Otago Daily Times

Hard work earned ad­mi­ra­tion of all

- REG­GIE JOE Mar­ket gar­dener ex­traor­di­naire Otago · Reggie Miller · Dunedin · Guangzhou · China · Guangdong Province · New Zealand · Martinborough · Wellington, New Zealand · Oamaru · Saint Paul · Auckland · Thoroughly Modern Millie · Orewa · Joe King · Balclutha · Bnz.co.nz · Blenheim

WHEN it came to work ethic, it would be hard to look past le­gendary North Otago mar­ket gar­dener Reg­gie Joe.

For more than 45 years, Joe’s Vegie Stall on State High­way 1 at Alma has been a land­mark. From hum­ble beginnings as a small road­side stall with an hon­esty tin, the busi­ness ex­panded to a busy op­er­a­tion, at­tract­ing a loyal fol­low­ing of cus­tomers.

His wife Suzie ac­knowl­edged it was his gar­den and cus­tomers that Mr Joe put first, fol­lowed by his fam­ily for whom he did it all.

His am­bi­tion in life was sim­ple; to cre­ate a bet­ter fu­ture for his four chil­dren. Hav­ing known hard­ship first­hand, he was de­ter­mined they would re­ceive a good ed­u­ca­tion.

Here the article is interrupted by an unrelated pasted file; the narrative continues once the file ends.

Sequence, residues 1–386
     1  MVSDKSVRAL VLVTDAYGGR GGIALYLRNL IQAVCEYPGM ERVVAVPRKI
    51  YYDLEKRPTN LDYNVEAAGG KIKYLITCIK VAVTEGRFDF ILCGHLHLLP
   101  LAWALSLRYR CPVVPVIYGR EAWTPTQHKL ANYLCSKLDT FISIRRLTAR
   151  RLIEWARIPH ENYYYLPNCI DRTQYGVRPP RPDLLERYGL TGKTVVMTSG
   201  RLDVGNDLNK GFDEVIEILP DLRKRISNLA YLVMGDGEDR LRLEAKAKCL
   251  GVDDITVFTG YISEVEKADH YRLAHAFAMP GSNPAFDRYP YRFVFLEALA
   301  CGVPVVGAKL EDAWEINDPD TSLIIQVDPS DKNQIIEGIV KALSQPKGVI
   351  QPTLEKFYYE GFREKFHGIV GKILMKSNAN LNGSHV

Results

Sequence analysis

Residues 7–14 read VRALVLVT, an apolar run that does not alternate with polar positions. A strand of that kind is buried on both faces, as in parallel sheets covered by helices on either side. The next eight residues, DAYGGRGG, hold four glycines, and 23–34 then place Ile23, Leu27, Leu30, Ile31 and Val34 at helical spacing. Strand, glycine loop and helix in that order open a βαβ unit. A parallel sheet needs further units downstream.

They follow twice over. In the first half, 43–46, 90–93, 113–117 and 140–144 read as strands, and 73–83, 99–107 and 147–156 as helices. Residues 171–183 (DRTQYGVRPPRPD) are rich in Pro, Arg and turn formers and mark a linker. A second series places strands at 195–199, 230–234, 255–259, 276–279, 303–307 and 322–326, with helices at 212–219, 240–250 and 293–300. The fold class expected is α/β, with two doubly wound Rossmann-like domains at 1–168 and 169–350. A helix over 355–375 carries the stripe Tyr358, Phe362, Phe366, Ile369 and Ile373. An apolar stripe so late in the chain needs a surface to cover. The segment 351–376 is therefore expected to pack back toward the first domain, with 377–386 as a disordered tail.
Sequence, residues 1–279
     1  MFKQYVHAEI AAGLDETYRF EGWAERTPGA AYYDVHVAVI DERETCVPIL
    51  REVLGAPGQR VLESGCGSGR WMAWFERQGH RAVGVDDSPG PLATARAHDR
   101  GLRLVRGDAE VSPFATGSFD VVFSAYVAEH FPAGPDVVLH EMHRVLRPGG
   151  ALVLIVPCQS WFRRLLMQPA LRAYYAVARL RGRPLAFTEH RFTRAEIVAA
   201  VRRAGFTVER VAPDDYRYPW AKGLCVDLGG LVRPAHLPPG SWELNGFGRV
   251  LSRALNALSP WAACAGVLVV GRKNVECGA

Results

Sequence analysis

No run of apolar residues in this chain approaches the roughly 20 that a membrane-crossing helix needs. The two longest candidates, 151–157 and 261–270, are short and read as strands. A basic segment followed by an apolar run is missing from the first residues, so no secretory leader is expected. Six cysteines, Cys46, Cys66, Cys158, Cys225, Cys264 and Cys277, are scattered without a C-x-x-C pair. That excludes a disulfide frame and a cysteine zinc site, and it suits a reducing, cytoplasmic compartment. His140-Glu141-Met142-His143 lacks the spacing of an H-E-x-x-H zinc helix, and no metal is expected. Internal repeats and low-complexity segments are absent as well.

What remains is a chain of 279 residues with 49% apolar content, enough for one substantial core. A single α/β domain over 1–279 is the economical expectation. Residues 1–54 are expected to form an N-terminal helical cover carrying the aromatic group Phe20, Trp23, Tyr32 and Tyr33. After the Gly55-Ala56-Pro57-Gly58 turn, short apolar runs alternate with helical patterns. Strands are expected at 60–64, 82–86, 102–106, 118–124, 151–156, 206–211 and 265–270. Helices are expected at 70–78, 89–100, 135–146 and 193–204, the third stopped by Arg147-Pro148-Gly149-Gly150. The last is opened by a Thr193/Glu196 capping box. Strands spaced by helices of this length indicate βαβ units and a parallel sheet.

Mr Joe died peace­fully, sur­rounded by his fam­ily, in Dunedin Hos­pi­tal on June 8, aged 82.

He was to­tally com­mit­ted to the busi­ness and, even dur­ing re­cent ill health, loved serv­ing his reg­u­lar cus­tomers who of­ten left with ex­tra free pro­duce — and smiles on their faces.

‘‘Over the years, we’ve em­ployed hun­dreds of staff. Not one, I could say, would be able to han­dle what we han­dled. Even I don’t know how we did it a lot of times but I think it was be­cause we wanted to reach the same goal,’’ Suzie Joe said.

The el­dest son of Joe King Nam and Joe Dong Kit, and from a fam­ily of eight, Mr Joe was 4 when he, his two older sis­ters Fay and Joy and their mother moved from Can­ton, China to New Zealand as war refugees in 1939. His grand­fa­ther had ar­rived in 1866 and his father in 1919.